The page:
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Watchdog cites hiring loophole in Cook County
Exemption could be abused to circumvent rules, court is told

Thursday, January 04, 2007
Chicago Tribune
by Mickey Ciokajlo

Cook County officials may be exploiting an exemption to get around rules that ban political influence in government hiring, a court-appointed watchdog said Wednesday.

The question was raised in the first report by a former judge appointed to review the county's practices following the disclosure last fall of a federal criminal investigation of hiring at many county agencies.
The report to U.S. District Judge Wayne Andersen did not cite any widespread violations of the federal court decree against political hiring, but it said the system was vulnerable to abuse.

Retired Circuit Judge Julia Nowicki said in her report that one county agency was hiring workers into jobs exempt from the political hiring ban and later moving them into positions that are supposed to be free of political influence.

"This practice allows the county to hire and rehire using the same exempt position," wrote Nowicki, who did not name the office or say how often the practice occurred.

Nowicki used the example to show the possibility of abuse in the 500 political positions under the control of the County Board president. Nowicki declined to elaborate on the report, saying she wanted to give the county time to read it.

A spokesman for new County Board President Todd Stroger said the administration is following hiring rules and would investigate the situation cited by Nowicki.

Like the city of Chicago, the county is under long-standing civil consent decrees that bar it from hiring and firing most of its employees based on politics. The Shakman decree, named after lawyer Michael Shakman, who brought the lawsuits years ago, allows exemptions for high-level or policy-making jobs.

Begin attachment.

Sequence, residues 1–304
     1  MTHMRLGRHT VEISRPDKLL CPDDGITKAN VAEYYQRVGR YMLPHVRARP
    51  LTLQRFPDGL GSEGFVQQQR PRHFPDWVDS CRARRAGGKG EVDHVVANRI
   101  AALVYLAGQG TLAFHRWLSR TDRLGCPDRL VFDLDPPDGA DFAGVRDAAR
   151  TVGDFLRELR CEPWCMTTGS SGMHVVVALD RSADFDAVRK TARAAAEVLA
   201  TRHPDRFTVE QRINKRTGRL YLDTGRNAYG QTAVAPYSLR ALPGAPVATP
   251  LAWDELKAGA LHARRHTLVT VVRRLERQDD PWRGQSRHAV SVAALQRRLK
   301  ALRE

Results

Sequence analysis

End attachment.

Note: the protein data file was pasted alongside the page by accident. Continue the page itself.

"This administration is unaware of the incident cited on page 12 of the report; however, it should be noted that there's nothing concrete throughout the report to indicate that there have been Shakman violations," Stroger spokesman Steve Mayberry said. "The bottom line is the administration is working closely with the compliance administrator to develop a new hiring plan."

Shakman said that the practice of repeatedly using one exempt position to hire workers and then move them into positions that are supposed to be free from politics would be a violation of the court order.

The county probe comes as the federal government continues its investigation into the city, which resulted in the conviction last summer of Mayor Richard Daley's patronage chief. After hiring fraud charges were filed against city officials in July 2005, Andersen appointed a monitor over city hiring. The monitor reported widespread and long-standing abuses of the Shakman decree in the city.

While Nowicki's report does not come to similar conclusions, Shakman predicted that she intended to obtain the same oversight of county hiring and firing that the city monitor has.

"And she should," Shakman said. "The system has been corrupted, there's no doubt about that."

Stroger, who was elected in November following the stroke that ended his father's long tenure as board president, has pledged to cooperate with Nowicki. In her report she commended the new board president for his "personal cooperation and attention."

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